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Physician Abuse: The Dark Side of Medicine

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WebMD Health News

Jan. 25, 2001 -- When two physicians were attacked in an episode of the television show ER last year, it was a case of art imitating life. In fact, at least one physician is killed each year, and healthcare workers are among the top four victims of workplace crime, after taxicab drivers, convenience store clerks, and police officers.

Even pediatricians, who care for infants and children, are not immune to violence. A new study conducted in Ireland shows that 90% of a small sample of physicians who were in training to be pediatricians had been exposed to violence, most often in the form of verbal threats from parents and relatives of patients. Unfortunately, U.S. experts on physician violence say the situation is just as bad here.

The study, in February's Archives of Disease in Childhood, is based on a telephone survey of 75 pediatric residents conducted by Gerald Mackin, a pediatrician with the Foyle Community HHS Trust in Derry, Northern Ireland. The survey was taken, Mackin says, because he could find nothing in the literature that documented the frequency of violence against pediatricians. He found a high rate of it in his research, however, and he also learned that few physicians reported their encounters or were counseled on how to deal with them afterward.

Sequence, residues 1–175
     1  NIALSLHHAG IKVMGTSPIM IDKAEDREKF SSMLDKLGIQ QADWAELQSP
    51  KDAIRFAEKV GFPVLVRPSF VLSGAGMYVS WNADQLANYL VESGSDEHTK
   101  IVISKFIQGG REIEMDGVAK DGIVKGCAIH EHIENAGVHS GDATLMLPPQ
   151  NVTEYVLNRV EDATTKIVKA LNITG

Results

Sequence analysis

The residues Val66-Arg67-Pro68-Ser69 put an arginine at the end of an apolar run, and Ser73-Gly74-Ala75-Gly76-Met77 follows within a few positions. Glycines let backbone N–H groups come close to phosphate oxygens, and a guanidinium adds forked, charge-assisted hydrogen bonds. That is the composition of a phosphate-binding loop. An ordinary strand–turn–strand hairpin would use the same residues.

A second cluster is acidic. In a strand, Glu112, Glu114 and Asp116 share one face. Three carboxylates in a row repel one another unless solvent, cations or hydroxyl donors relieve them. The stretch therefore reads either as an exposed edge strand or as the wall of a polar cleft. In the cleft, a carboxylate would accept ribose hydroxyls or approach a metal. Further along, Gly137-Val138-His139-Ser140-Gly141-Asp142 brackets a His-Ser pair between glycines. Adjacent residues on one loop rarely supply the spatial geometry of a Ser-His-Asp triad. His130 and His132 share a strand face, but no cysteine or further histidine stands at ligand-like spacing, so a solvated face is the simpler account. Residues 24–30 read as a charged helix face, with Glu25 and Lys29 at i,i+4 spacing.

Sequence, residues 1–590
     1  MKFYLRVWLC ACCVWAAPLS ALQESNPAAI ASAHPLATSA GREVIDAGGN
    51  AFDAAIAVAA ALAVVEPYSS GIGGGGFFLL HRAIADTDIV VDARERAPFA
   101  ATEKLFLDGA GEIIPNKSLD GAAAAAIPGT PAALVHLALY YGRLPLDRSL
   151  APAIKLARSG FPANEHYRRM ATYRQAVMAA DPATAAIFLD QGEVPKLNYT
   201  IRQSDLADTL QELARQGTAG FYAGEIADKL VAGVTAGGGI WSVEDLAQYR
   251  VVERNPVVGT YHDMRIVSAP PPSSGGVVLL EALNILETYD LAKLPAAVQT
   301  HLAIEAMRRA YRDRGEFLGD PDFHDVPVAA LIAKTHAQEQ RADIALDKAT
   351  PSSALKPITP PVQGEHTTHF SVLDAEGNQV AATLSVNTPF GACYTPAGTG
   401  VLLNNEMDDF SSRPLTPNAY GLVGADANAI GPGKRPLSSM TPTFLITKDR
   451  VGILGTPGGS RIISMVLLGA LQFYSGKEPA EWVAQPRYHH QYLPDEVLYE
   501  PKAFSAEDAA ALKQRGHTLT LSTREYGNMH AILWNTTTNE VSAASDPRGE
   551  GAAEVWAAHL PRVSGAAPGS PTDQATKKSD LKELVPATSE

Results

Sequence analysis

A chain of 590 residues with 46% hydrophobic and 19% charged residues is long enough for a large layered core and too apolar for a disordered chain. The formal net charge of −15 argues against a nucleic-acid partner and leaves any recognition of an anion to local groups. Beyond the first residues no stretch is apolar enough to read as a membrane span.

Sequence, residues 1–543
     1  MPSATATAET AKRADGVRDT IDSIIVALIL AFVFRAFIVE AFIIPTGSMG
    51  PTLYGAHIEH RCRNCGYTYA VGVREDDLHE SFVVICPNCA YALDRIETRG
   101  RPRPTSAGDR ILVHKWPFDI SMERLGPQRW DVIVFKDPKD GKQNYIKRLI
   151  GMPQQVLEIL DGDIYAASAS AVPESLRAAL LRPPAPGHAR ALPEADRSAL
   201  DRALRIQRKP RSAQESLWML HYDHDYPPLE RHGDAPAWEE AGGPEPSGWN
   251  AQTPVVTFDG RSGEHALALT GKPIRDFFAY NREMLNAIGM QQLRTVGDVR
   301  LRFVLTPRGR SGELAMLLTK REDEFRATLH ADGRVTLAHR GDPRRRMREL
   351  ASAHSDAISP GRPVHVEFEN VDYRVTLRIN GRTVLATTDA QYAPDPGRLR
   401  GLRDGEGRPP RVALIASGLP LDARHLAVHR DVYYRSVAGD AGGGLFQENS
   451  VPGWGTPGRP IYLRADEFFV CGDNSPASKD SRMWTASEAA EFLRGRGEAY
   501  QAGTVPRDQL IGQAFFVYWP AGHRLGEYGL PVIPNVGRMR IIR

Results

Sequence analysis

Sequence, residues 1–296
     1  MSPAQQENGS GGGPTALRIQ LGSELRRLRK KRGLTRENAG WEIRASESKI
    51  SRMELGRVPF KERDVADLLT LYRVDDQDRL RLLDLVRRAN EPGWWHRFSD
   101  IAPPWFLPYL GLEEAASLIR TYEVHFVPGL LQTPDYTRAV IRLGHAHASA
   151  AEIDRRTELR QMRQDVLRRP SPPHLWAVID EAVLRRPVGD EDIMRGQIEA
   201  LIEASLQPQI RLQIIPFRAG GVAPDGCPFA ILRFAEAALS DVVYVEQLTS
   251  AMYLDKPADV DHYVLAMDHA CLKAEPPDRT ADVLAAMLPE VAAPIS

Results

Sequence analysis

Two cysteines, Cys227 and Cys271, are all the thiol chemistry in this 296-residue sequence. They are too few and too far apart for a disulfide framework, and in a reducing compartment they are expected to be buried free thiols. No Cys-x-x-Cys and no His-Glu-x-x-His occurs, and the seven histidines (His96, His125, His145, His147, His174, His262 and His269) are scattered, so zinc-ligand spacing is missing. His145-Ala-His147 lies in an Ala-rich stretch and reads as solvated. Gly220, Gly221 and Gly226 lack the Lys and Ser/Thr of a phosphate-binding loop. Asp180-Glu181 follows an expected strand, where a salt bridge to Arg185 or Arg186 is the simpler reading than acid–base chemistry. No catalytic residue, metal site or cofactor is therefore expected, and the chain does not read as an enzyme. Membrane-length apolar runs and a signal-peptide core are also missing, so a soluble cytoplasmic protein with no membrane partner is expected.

Survey participants had been practicing pediatrics for an average of about 6 years, and about half were women. More than 90% reported experiencing "a violent episode of one kind or another," with 65% saying such incidents had occurred within the past year.

The most common occurrence was a verbal threat, but nearly half said they had received a death threat. Almost 11% said they were the victims of threatened assaults by relatives of patients, and 5% said they actually had been assaulted. Statistically, there were no differences between the levels of abuse suffered by male and female physicians.

Only 9 of the 68 doctors who had experienced violence had formally reported the incident, but more than 60% of them reported subsequently "worrying about the episode." Only one physician was offered counseling after the incident, and just 7 reported having any training on how to manage violent or aggressive patients or relatives.

Hospitals must do a better job of preparing physicians to face such situations, according to Mackin. This should include what causes aggression, how to prevent it, ways of dealing with violent people, and help on how to report incidents, he says.

Pediatrician Mark Ashton, himself a victim of an assault while at the hospital bedside of a patient, agrees.

Writing in an editorial, Ashton, who works at St Mary's Hospital in Portsmouth, England, laments that he did not take action to prevent the attack by three assailants. He and another physician were injured after a man and two women fought with them because they thought their 12-year-old severely disabled nephew was being given medication to hasten his death. They were sentenced to 9 months in jail.

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